Why are the leaves turning yellow in the orchid

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26 august

Introduction: Features of orchids as ornamental plants

Orchids are one of the most popular and beloved ornamental plants in the world due to their unparalleled beauty and elegance. Their genus includes more than ten thousand species that grow in different ecosystems - from tropical to temperate zones. These plants have a unique root structure that is often used to absorb water from the air. In addition, orchids are able to adapt to different environmental conditions, but at the same time, they are quite demanding in terms of keeping conditions.

List of the main causes of leaf yellowing:

1.Insufficient humid air

2.Improper watering regime

3.Problems with soil and drainage

4.Pollution and pests


But it is important to understand that the yellowing of one or two leaves, especially older ones, can be part of the natural process of plant renewal. However, if the yellowing of the leaves becomes a widespread phenomenon, it can be a signal of problems with care.

Effect of light and illumination on leaf health

Light plays a critical role in the life of an orchid. It is not only a source of energy for photosynthesis, but also a regulator for many plant life processes.

Lack of light: If the orchid does not receive enough light, the leaves may turn dark green and the plant will not bloom. Over time, such a plant can become weak and lead to yellowing of the leaves.

Excessive lighting: Too much direct sunlight can cause burns on the leaves, which appear as yellow or white spots. Over time, these spots can become brown and dry.

Unstable lighting: If the orchid changes its location, it can cause stress. For example, moving from a shady spot to direct sunlight can cause shock and yellowing of the leaves.

Pollution and pests as potential culprits


Aphids: These miniature insects are found on the underside of the leaves, sucking the sap from the plant, which leads to yellowing, crookedness and wilting of the leaves.

Spider mites: The appearance of a thin web on an orchid may indicate its presence. It also sucks out plant juices, draining the vitality from the plant.

Scabbard: Small brown or black growths on the leaves can indicate their presence. They absorb plant juices, reducing the overall vitality of the plant.


Uncontrolled fertilization: Excessive fertilizer can "burn" the roots, leading to their death and yellowing of the leaves.

Water with a high mineral content: The use of "hard" water can accumulate salts in the soil, which negatively affects the roots.

Root problems and their effect on leaf yellowing

Root rot: Waterlogging the soil can lead to root rot. Yellowing leaves are caused by the loss of a root system that cannot deliver enough water and nutrients.

Root dryness: If the soil is too dry or the plant is without water for a long time, the roots can dry out. The leaves turn yellow because they are not getting the nutrition they need.

Physical injury: Damage to the root system during transplantation or as a result of mechanical damage can cause stress to the plant and yellow leaves.

Outdated substrate: If the substrate becomes too old and compacted, the roots cannot get enough air, which can lead to rot.

Infections: Fungal or bacterial infections can attack the roots, causing them to weaken and the leaves to turn yellow.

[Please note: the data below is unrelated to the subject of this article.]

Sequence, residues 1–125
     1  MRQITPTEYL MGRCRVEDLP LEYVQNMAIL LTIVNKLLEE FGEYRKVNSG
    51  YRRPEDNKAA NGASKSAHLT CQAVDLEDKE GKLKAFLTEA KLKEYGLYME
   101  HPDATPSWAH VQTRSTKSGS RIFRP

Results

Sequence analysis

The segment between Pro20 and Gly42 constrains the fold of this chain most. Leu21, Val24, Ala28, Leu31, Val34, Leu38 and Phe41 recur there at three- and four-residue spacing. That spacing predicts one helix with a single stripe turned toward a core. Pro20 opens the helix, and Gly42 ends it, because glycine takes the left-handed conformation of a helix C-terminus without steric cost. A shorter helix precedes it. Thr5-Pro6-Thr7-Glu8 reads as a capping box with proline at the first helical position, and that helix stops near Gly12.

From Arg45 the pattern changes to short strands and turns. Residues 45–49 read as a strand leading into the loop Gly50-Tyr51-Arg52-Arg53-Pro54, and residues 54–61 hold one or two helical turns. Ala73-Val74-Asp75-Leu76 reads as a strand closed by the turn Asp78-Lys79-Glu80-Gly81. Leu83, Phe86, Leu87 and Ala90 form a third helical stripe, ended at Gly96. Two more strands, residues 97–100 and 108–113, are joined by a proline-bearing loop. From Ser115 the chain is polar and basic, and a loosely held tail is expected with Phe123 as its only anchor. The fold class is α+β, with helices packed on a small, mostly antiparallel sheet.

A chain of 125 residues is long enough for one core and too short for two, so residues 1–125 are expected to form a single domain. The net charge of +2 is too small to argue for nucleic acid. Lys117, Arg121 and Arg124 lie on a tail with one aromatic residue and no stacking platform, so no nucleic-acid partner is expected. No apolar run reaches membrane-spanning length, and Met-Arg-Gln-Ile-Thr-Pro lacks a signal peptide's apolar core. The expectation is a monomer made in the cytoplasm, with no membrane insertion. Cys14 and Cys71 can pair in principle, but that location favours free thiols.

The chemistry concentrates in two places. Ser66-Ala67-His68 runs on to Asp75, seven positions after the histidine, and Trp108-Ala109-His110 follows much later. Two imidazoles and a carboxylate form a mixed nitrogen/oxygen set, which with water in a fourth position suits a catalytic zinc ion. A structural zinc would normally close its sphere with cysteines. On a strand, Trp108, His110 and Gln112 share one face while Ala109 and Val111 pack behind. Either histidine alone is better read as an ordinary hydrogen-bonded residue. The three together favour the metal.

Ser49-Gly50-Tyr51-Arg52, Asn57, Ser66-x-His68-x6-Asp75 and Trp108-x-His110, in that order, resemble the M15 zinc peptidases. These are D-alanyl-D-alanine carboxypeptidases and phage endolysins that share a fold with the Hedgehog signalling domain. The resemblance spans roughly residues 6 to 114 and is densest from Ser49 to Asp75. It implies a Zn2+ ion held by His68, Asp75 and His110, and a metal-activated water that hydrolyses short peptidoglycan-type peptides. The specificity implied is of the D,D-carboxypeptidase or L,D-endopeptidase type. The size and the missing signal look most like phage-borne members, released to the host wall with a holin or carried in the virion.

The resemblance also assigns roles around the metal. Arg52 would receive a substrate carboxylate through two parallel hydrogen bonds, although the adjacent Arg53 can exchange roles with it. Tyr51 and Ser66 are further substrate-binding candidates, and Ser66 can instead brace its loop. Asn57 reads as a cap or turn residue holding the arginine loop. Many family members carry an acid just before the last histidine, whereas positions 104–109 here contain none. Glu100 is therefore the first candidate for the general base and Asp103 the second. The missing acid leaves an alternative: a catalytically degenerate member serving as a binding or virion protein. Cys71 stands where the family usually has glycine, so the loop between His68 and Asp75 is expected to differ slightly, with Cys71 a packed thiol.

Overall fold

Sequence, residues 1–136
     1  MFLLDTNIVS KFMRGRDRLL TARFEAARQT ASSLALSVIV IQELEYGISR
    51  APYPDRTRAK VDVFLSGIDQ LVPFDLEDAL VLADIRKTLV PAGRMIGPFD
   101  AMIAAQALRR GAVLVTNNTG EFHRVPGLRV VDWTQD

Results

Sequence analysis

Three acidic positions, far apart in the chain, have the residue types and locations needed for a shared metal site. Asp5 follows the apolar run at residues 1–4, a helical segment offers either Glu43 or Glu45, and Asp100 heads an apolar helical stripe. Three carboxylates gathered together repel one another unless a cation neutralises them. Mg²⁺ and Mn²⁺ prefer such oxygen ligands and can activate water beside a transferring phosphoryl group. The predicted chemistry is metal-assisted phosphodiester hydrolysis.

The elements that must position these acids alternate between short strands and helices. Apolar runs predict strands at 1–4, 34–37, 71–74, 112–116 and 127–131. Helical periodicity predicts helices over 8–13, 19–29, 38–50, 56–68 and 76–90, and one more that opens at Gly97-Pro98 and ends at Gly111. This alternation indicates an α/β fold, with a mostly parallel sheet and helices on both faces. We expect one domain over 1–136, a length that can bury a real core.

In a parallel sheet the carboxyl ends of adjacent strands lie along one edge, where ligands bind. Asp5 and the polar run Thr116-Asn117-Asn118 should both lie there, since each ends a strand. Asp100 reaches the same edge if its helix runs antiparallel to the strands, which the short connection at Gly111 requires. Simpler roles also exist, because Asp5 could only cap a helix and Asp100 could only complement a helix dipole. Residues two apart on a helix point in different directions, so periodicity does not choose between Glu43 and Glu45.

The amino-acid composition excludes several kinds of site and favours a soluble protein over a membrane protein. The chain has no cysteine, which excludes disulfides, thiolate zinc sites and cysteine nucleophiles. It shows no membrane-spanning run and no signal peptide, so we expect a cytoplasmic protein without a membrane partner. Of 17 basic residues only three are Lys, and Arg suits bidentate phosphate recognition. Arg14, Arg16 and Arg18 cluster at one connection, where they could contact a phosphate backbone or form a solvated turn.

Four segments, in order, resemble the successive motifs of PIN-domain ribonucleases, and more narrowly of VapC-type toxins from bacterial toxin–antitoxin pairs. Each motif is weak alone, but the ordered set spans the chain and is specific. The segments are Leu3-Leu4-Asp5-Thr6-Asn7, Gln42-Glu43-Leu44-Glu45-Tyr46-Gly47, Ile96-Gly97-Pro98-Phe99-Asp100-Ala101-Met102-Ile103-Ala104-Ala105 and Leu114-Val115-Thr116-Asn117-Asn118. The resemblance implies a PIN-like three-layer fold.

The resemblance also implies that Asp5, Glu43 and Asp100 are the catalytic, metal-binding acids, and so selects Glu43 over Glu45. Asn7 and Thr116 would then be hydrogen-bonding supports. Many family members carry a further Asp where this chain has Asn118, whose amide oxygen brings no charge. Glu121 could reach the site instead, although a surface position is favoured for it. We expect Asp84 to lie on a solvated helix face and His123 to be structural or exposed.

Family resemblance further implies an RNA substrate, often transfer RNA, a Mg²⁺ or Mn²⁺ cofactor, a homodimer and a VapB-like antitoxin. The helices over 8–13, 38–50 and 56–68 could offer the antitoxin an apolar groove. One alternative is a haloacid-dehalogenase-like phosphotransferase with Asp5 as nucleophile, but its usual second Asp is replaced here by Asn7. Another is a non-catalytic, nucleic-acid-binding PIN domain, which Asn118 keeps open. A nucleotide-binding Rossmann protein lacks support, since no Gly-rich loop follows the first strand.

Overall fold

To avoid problems with the roots, it is important to check their condition regularly, choose the right substrate, and follow the recommended watering regimen.

Check water for salt and chemicals

The water used for watering plants can contain various salts and chemicals that, in high concentrations, can be harmful to plants, causing yellowing of leaves, root burns, and other problems.

Water testing: There are special water testing kits that can be purchased at garden centers or online. These kits measure various water parameters, including the concentration of dissolved solids (TDS) and pH level.

Water filtration: If the test reveals high levels of unwanted chemicals, it is recommended to use reverse osmosis systems or carbon filters to purify the water before watering the plant.

Use of rainwater: Rainwater is often less hard and can be a great option for watering orchids, especially if the local water is high in salts or chlorine.

Too high or low temperatures as a cause of stress for the plant

Dehydration: At high temperatures, the plant can lose water faster than it can absorb it, leading to wilted and yellowed leaves.

Cell damage: Low temperatures can freeze cell fluid, destroying cell walls, resulting in wilting, blackening or yellowing of the leaves.

Adaptation to changes: Sudden changes in temperature can be particularly harmful to orchids. If a sharp drop in temperature is expected, it is better to move the plant to a warmer place or protect it.

To maintain the health of orchids, it is important to monitor the temperature regime, especially during the cold season and hot summer days.

Care recommendations: how to prevent yellowing of leaves

Proper watering regime: Try to avoid waterlogging the soil. Make sure the pot has good drainage holes and the substrate allows water to pass freely.

Optimal light level: Orchids need bright but diffused light. Avoid direct sunlight, especially on hot days.

Maintain stable temperature conditions: Avoid sudden temperature fluctuations by providing warmth during the cold season and coolness during hot summer days.

Check for pests regularly: If you find pests, start treating with appropriate products immediately.

Use a quality substrate: The substrate should be loose and well-drained so that the roots have enough air.

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Why orchid leaves turn yellow: detailed care and tips